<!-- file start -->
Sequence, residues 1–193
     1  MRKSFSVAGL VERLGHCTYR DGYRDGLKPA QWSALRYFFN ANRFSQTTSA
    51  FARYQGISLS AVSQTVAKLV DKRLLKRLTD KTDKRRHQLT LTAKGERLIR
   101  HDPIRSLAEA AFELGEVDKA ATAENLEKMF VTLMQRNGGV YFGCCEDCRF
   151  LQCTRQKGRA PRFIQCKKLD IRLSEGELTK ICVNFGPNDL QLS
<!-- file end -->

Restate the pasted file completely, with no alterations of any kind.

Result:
Sequence, residues 1–193
     1  MRKSFSVAGL VERLGHCTYR DGYRDGLKPA QWSALRYFFN ANRFSQTTSA
    51  FARYQGISLS AVSQTVAKLV DKRLLKRLTD KTDKRRHQLT LTAKGERLIR
   101  HDPIRSLAEA AFELGEVDKA ATAENLEKMF VTLMQRNGGV YFGCCEDCRF
   151  LQCTRQKGRA PRFIQCKKLD IRLSEGELTK ICVNFGPNDL QLS